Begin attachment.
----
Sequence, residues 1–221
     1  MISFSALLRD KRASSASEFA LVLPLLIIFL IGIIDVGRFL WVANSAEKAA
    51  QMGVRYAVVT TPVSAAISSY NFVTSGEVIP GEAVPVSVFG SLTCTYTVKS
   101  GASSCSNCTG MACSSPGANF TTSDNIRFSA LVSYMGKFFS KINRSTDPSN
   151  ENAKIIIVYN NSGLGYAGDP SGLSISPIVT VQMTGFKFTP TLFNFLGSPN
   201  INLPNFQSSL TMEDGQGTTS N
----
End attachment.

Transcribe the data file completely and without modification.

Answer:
Sequence, residues 1–221
     1  MISFSALLRD KRASSASEFA LVLPLLIIFL IGIIDVGRFL WVANSAEKAA
    51  QMGVRYAVVT TPVSAAISSY NFVTSGEVIP GEAVPVSVFG SLTCTYTVKS
   101  GASSCSNCTG MACSSPGANF TTSDNIRFSA LVSYMGKFFS KINRSTDPSN
   151  ENAKIIIVYN NSGLGYAGDP SGLSISPIVT VQMTGFKFTP TLFNFLGSPN
   201  INLPNFQSSL TMEDGQGTTS N